At the Durban Station shelter, which houses more than 220 people, we found four showers, none of them working, and eight overflowing toilets. Some of the doors for the toilets and the showers were lying on the ground. There was a stench of raw sewage coming from an overflowing sewer behind the tents.

Several residents, who asked not to be identified as they feared they might be victimised for speaking to the media, said that this had been the situation “for months”.

But Msaly Trading continues to bill the municipality between R244,800 and R252,900 monthly, depending on the number of days in a month, at a daily cost of R340 for each toilet and shower.

Msaly is a private company registered at a private residence in Verulam, about 30 kilometres from Durban. The company has no website, Facebook page or any other online presence.

Samukelisiwe Dlamini, Msaly’s sole director, failed to respond to earlier written questions about the contract, but last week told GroundUp during a brief telephone conversation, that it was still in force.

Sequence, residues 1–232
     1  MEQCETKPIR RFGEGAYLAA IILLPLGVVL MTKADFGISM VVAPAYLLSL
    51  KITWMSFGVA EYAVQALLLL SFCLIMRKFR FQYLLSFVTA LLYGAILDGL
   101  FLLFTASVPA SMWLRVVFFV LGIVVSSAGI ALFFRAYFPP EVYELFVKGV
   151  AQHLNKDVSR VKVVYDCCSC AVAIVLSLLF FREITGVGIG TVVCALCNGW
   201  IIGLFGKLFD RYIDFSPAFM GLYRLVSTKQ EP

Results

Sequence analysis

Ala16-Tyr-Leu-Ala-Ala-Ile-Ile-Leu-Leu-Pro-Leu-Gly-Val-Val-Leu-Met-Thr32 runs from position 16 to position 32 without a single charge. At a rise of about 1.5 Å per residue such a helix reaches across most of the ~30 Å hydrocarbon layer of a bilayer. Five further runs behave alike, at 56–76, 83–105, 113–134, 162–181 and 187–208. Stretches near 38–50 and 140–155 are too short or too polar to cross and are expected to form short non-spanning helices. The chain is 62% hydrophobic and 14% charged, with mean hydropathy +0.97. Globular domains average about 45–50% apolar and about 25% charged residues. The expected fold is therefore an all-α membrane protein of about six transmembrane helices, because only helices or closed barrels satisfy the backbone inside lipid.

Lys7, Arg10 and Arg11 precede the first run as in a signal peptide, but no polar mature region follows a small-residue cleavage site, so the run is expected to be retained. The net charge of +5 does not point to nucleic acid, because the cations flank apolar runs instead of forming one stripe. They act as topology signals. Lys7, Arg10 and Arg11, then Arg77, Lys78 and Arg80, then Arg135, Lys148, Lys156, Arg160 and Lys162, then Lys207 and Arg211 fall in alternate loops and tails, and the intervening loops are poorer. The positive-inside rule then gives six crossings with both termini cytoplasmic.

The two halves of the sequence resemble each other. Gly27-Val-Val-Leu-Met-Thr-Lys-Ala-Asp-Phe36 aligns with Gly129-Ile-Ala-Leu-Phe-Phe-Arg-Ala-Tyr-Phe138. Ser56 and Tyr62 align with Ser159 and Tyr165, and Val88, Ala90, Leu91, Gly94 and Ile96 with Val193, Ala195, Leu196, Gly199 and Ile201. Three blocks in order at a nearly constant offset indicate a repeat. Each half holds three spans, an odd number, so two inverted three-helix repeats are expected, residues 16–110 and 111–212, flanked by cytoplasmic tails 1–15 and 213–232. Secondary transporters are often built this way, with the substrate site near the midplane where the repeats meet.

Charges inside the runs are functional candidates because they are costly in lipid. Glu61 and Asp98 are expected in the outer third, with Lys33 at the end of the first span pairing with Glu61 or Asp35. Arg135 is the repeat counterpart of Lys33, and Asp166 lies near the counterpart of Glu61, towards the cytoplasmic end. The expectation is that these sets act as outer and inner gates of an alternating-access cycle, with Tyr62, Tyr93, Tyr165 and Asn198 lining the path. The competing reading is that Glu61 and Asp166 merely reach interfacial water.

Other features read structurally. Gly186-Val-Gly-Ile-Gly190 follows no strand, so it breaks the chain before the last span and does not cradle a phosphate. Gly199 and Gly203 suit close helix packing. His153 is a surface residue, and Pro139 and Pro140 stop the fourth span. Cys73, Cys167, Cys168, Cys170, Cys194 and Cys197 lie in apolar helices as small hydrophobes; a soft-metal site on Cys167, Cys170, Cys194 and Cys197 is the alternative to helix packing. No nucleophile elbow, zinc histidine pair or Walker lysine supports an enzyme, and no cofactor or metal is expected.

“Yes, we still have a contract with the eThekwini municipality and they are paying all of our invoices,” she said. Dlamini asked the GroundUp reporter to call her “later” to discuss the matter further but then blocked his number.

The company was awarded the homeless shelters contract in March 2020, in terms of a National Treasury Covid-19 State of Disaster exemption, which allowed municipalities to award emergency contracts without having to put them out to tender. It expired in March 2022 when the State of Disaster ended.

The shelters were meant to be temporary but remained open after a public outcry when the City tried to shut them down after Covid restrictions were lifted. The City’s Safer Cities programme asked for Msaly’s contract to be extended.

In a December 2022 report to the City’s Bid Adjudication Committee, the head of the Safer Cities programme Martin Xaba applied for the regularisation of R2,496,960 paid to Msaly between April 2022 and January 2023. He said the department had been monitoring Msaly’s work and “value for money had been attained”.